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The Rabbi and The Emperor

Updated on February 9, 2013

Although I probably could have written this article under the 'Why Karaism' banner I decided that it warranted to be placed separately under some other category that had as little association with Karaism as possible because it represents everything that is abhorred amongst Karaites. You see, the story I'm about to relate comes directly from the Talmud and commits so many sins that it actually casts Judaism in a bad light in its entirity. Of course as Karaite we would say, "what would you expect, after all it is the product of Rabbanites," but even Rabbanites have a 'modus decorum' by which they must operate and this is dictated by the Torah which still governs how Jews must behave. The fact that this story concerns Rabbi Judah ha Nasi should not be that great a surprise to Karaites. The presumption of his title, 'The Prince' considering he had no government or population to actually rule over I do not hold against him. As a descendant of Hillel, I have to believe his claim to be from the House of King David in the same way that I believe the lineage in my own family to be accurate as being from the House of Phiabi. These claims were passed down from father to son and were intended to be preserved, so I do not doubt his claim to be a Prince of Israel. What I do take exception to is possibly his warranting of the title based on the story to follow. A Prince must act with honour; a Prince must preserve the truth; a Prince must not commit murder; and a Prince must not be boastful when his own people are made to suffer. These would all appear to be lessons that Judah ha Nasi failed to learn, yet he is extolled above all other by the Rabbis through the Talmud. So perhaps the banner for this article rather than 'Why Karaism' would more correctly be 'Why not Rabbinic Judaism'.

From The Abodah Zerah

The Following Story is taken from the Talmud; Abodah Zerah.  I have placed my comments and explanations in brackets so I do not alter the original verse.

[Emperor] Antoninus [Pius] once said to Rabbi [Judah ha Nasi], "It is my desire that my [adopted] son Asverus [Marcus Verus] should reign instead of me and that Tiberias should be declared a Colony [Self governing Sartrapy].  Were I to ask one of these things [from the Senate] it would be granted while both would not be granted. Rabbi thereupon brought a man, and having made him ride on the shoulders of another, handed him a dove bidding the one who carried him to order the one on his shoulders to liberate it. The Emperor perceived this to mean that he was advised to ask [of the Senate] to appoint his son Asverus to reign in his stead, and that subsequently he might get Asverus to make Tiberias a free Colony.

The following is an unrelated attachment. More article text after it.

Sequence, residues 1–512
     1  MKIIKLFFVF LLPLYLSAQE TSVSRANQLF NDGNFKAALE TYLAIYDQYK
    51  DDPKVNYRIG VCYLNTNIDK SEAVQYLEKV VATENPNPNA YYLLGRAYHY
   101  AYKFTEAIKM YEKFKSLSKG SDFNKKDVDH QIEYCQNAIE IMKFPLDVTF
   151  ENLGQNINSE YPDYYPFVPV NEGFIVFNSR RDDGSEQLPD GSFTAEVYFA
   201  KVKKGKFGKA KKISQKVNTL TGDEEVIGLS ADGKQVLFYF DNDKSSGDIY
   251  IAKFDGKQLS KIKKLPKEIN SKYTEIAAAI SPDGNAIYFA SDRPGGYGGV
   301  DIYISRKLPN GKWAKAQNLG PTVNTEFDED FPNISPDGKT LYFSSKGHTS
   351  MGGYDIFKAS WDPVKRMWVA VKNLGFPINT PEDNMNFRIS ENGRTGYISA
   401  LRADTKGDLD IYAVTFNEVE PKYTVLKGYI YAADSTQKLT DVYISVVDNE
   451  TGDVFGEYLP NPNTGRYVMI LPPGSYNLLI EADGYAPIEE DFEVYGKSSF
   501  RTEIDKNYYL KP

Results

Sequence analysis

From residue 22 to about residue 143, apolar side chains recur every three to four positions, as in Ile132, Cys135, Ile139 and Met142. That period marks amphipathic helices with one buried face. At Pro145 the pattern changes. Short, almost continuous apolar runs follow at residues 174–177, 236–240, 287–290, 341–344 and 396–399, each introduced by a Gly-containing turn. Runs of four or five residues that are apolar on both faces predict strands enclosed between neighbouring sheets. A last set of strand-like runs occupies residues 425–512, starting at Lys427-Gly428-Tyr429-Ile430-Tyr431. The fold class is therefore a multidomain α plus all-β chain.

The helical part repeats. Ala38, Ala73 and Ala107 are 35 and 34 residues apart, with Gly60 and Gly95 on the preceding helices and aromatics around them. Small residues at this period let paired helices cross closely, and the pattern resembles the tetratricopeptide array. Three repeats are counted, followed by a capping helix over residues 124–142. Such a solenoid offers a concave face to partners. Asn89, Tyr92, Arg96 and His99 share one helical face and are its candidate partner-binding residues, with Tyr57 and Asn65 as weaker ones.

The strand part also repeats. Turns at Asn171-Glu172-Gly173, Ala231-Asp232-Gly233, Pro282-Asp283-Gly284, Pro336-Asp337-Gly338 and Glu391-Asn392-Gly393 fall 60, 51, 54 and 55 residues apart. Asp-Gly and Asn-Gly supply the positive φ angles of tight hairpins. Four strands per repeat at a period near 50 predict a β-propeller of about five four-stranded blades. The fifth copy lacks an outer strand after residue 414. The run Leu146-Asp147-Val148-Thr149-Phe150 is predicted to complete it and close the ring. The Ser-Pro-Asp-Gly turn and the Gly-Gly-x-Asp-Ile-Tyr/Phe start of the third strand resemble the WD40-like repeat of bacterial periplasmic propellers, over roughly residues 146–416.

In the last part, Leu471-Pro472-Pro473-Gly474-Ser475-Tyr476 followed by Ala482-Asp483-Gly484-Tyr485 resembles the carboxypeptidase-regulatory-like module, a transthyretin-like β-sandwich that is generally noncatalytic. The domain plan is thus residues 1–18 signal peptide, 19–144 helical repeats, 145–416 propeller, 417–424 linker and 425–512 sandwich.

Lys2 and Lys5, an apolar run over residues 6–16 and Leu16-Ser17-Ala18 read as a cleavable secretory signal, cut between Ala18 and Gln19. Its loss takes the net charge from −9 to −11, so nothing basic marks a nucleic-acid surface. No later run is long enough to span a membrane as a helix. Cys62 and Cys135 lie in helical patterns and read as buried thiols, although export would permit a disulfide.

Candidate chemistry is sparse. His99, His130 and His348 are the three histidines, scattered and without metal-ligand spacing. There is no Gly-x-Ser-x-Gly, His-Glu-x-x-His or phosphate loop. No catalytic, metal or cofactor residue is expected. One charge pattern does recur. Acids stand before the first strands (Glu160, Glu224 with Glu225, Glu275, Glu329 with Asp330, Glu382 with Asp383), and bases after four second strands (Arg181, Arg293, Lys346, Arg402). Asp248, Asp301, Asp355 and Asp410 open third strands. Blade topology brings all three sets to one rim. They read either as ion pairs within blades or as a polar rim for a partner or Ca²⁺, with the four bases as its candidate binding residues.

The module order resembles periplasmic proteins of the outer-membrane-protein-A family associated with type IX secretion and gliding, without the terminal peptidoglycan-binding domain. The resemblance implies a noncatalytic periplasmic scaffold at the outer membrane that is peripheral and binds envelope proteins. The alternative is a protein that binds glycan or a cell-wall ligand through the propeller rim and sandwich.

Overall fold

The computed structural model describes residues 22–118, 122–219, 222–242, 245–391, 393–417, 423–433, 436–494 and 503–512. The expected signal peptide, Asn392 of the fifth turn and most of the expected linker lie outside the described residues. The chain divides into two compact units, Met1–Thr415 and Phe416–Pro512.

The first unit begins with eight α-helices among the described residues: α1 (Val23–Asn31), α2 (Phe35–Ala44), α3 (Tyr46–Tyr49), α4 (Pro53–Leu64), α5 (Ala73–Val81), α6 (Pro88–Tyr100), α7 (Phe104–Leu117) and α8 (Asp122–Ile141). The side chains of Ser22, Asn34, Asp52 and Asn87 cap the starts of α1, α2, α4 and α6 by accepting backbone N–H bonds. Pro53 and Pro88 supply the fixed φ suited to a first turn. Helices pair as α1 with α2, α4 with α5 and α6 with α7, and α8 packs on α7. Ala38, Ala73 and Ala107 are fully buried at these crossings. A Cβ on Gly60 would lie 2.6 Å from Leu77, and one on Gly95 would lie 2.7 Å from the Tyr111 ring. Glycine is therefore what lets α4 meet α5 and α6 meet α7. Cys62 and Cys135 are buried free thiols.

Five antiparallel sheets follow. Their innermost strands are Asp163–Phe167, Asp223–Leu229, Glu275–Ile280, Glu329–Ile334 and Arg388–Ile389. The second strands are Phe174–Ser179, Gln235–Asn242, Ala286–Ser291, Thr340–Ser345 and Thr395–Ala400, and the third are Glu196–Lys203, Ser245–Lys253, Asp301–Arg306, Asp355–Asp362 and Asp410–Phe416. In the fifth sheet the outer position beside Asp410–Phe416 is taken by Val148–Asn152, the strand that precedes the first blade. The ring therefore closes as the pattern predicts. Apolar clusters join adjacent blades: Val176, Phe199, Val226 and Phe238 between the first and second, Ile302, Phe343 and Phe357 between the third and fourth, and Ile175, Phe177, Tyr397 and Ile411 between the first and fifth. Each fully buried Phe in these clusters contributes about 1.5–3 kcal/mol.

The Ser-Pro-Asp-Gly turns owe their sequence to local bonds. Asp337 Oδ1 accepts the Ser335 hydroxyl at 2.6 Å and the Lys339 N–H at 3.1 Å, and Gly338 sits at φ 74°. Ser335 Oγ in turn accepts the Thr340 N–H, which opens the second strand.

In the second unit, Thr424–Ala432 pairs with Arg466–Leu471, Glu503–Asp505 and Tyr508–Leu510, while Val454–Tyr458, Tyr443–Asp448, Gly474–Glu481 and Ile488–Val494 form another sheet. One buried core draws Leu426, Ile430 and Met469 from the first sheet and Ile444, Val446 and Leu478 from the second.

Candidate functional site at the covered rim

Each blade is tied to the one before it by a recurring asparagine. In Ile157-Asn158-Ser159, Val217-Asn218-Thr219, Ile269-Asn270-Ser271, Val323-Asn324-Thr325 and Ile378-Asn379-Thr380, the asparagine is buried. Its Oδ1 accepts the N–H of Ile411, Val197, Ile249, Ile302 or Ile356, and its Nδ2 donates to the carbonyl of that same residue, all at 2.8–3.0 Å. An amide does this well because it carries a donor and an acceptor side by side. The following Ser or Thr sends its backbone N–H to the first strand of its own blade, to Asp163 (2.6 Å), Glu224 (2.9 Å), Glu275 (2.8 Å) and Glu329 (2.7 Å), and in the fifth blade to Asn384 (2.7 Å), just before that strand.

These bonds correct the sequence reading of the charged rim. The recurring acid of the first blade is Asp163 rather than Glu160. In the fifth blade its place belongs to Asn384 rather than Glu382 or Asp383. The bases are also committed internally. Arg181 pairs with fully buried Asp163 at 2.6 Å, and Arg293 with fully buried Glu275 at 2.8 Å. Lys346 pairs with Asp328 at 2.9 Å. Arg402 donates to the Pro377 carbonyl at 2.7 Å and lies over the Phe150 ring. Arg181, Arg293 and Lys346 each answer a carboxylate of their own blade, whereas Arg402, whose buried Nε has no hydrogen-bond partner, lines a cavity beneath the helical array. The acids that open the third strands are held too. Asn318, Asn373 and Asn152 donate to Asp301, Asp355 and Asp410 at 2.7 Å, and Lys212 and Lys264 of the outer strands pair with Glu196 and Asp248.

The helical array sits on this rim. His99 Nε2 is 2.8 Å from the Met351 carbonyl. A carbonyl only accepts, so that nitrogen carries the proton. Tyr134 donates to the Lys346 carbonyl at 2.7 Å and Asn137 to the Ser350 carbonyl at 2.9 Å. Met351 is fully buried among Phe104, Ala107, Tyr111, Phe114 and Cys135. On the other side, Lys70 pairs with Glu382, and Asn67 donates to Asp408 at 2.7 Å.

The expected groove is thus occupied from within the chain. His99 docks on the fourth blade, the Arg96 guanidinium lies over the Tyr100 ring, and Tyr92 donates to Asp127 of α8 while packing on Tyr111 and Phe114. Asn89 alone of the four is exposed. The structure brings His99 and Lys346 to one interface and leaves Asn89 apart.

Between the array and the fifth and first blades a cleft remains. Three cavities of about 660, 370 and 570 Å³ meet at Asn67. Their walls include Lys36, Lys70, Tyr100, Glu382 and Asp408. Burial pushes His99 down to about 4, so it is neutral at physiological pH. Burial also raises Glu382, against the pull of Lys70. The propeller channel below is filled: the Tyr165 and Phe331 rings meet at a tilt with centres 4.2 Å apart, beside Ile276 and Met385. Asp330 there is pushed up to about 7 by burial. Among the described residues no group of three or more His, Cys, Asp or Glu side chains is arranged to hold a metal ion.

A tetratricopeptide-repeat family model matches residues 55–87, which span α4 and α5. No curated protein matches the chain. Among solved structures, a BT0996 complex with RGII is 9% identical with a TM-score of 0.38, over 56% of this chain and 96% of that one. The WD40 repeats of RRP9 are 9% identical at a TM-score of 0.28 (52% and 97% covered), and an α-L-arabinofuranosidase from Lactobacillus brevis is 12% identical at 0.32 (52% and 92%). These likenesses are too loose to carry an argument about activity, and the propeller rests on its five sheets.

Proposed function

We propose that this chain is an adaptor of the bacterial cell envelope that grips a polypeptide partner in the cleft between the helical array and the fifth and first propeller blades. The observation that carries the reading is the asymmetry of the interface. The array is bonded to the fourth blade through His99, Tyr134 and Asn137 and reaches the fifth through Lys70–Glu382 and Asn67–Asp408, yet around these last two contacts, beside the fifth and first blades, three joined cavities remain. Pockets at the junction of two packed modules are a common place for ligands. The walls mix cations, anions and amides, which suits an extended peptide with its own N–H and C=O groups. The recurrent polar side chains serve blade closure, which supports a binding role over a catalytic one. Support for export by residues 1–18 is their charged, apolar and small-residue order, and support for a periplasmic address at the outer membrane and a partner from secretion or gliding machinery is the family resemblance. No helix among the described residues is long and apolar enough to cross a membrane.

[On another occasion] Antoninus mentioned to him that some prominent Romans were annoying him. Rabbi thereupon took him into the garden and, in his presence, picked some radishes, one at a time. Said [the Emperor to himself] his advice to me is: Do away with them one at a time, but do not attack all of them at once.  But why did he not speak explicitly? — He thought his words might reach the ears of those prominent Romans who would persecute him. Why then did he not say it in a whisper? — Because it is written: For a bird of the air shall carry the voice. 

The Emperor had a daughter named Gilla [Anna Galina] who committed a sin, so he sent to Rabbi a rocket-herb,  and Rabbi in return sent him coriander.  The Emperor then sent some leeks  and he sent lettuce in return.

Many a time Antoninus sent Rabbi gold-dust in a leather bag filled with wheat at the top, saying [to his servants]: 'Carry the wheat to Rabbi!' Rabbi sent word to say. 'I need it not, I have quite enough of my own', and Antoninus answered: 'Leave it then to those who will come after thee that they might give it to those who will come after me, for thy descendants and those who will follow them will hand it over to them.'